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Picturesque Reproduction

Part 2 Project 2009
Tom Brigden
Cardiff University | UK
The themes permeating this thesis develop further upon the dissertation. Romanticism and nostalgia are powerful tools in literature, but they are also extremely potent in the visual arts. Inspired by an early twentieth century London Underground poster, I examine the ways in which images are constructed, relating them back to the contrived viewpoints of the eighteenth century picturesque movement.

Looking for physical examples of this, I analyse Kent’s gardens at Rousham and Clough William Ellis’ romantic Italianate village of Portmeirion. As an analytical tool, I use a Claude glass, an eighteenth century optical device, allowing me to illustrate the contrast between the ‘perfect’ view and the imperfection of reality. As a result of this exploration, the scheme’s programme developed into a factory for the Ellis’ nostalgic Portmeirion pottery.

On discovering that this is produced in Stoke-on-Trent, the project aims to insert a piece of the picturesque theatricality of Portmeirion, into Stoke’s sublime landscape of industrial ruins. Pevsner called the city an “urban tragedy” as a result of its fragmented nature. This scheme attempts to begin to stitch the city together with tourist routes linking landmarks and viewpoints. In this particular project, the ‘promenade architecturale’ through the factory becomes a component of a wider route across Burslem.

The contrast between the refined and reality is evident throughout the scheme; in plan, the tourist route becomes a picturesque landscape of objects, frames and viewpoints, contrasting with the orthogonal and conventional layout of the factory buildings; again this is evident in the sections and even in the materiality of the building where, glancing away from a staged viewpoint, the visitor is confronted with views of plant rooms, staff areas and even the revealed studwork of internal partitions. The scheme therefore, provides for the tourist a sequential series of views (or ‘Kodak moments’) through the factory, in the manner of Gordon Cullen’s serial vision. More importantly however, these views are immediately contrasted with glimpses through areas which tourists are not traditionally shown. In this way, the tourist route is a series of surprises and revelations in the manner of Clough William Ellis’ “Operatic Architecture”.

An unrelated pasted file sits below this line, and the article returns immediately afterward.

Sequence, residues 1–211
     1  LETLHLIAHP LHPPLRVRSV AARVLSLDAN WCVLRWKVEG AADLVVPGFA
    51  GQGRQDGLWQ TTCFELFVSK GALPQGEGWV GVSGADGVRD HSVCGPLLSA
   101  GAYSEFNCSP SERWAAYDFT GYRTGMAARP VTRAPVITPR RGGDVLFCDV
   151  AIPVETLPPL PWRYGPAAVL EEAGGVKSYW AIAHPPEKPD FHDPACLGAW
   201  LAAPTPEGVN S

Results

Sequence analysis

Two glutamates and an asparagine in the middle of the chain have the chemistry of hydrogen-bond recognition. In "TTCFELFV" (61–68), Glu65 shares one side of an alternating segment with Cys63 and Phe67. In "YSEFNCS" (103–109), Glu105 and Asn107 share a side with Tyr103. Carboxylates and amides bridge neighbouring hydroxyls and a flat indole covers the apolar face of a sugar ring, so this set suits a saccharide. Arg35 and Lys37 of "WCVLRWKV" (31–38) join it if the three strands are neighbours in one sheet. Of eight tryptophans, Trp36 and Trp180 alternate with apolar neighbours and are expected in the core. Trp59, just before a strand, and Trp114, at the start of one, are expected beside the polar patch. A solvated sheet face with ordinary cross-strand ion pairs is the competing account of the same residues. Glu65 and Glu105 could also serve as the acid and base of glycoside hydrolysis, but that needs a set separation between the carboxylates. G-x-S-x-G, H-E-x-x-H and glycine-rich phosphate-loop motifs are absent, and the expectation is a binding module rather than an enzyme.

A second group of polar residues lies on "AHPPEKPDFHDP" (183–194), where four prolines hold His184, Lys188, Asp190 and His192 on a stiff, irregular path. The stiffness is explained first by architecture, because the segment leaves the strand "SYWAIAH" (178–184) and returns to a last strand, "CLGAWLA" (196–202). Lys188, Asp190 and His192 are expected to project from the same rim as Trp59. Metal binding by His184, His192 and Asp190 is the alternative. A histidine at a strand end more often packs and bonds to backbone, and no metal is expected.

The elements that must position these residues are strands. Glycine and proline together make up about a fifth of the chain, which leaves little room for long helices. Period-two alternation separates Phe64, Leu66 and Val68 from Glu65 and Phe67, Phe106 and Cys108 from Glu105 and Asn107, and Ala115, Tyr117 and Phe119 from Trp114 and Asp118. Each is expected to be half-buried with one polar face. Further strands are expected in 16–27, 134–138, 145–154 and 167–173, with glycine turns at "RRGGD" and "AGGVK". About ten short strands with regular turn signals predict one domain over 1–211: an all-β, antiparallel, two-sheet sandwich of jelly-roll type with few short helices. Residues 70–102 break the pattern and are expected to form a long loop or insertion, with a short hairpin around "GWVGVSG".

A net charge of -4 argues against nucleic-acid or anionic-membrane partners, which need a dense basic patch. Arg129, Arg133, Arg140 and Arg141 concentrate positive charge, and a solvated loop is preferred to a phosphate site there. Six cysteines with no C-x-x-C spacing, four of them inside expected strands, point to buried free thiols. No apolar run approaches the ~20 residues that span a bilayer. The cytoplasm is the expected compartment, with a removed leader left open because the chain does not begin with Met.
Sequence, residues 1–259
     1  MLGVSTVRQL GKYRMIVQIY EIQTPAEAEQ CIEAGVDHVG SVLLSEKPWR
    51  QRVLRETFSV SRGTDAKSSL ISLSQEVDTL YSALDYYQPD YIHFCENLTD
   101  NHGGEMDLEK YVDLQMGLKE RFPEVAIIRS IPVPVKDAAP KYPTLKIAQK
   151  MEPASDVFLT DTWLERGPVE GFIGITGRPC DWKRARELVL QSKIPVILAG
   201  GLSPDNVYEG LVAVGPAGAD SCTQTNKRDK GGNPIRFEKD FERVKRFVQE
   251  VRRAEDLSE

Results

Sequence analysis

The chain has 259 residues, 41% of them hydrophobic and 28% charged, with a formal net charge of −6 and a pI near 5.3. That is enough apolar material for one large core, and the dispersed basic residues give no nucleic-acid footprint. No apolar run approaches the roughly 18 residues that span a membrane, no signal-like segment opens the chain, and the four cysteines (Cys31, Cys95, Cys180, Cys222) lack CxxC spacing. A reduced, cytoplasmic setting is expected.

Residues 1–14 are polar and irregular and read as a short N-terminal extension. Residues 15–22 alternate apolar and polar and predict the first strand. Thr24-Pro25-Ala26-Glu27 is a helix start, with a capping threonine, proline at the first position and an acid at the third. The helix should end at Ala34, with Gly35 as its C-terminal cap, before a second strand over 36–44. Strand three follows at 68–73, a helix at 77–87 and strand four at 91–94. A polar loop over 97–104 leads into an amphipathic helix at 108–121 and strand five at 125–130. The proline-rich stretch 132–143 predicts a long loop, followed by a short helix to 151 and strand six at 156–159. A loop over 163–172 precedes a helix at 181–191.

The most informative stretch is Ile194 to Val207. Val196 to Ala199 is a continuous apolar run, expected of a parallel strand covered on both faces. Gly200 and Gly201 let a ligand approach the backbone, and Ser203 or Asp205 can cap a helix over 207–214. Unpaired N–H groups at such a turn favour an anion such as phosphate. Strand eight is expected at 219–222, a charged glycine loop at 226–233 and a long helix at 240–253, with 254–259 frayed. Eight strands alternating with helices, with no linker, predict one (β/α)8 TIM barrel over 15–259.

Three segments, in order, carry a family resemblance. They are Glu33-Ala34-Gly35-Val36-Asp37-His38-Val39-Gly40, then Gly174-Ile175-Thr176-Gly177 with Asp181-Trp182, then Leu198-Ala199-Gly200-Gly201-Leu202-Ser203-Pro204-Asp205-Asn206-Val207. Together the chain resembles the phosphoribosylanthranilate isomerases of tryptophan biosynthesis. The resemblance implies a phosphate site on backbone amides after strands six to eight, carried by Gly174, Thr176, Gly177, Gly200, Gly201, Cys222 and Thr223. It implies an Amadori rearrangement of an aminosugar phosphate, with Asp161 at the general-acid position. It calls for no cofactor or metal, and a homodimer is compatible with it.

Tom Brigden

Tom Brigden began his design thesis niggled by romantic images of suburbia – the sort depicting immaculate lawns, white picket fences and roses round the door. He related these to the eighteenth century Claude glass. Reflections in this oval mirror were copied by landscape painters in order to idealise a view, making an image of an image doubly removed from its subject. Tom likened this to contemporary suburbia, which quotes loosely from idealised images of the English arts-and-crafts, itself a copy of some imagined, idealised vernacular, multiply reflected and reproduced.

Discovering that (the romanticised) Portmeirion pottery is made in Stoke-on-Trent, he decided to export the picturesque spirit of that Welsh fantasy village to the Potteries, proposing to help regenerate the troubled village of Burslem – one of Stoke’s five towns – for the community and to promote tourism. Viewing Burslem’s centre and its suburbs through his picturesque lens, Tom composed a route around surviving elements of historic fabric, inserting a new Portmeirion pottery and visitor attraction into the town. The new urban route leads to a visitor route laced through the portal frame sheds of a new working pottery. The geometry of this interior plasterboard Portmeirion is contrived around views and perspective distortions, setting romanticised images of romantic pottery against framed glimpses of real suburbia.

A powerful critique of romanticism, Tom’s project is also serious in its social intent. The result is an elegantly and cleverly composed architectural proposal.

Adam Sharr
Tom's Design Tutor, MArch 2 Year Chair and Senior Lecturer, Welsh School of Architecture

Dr Adam Sharr
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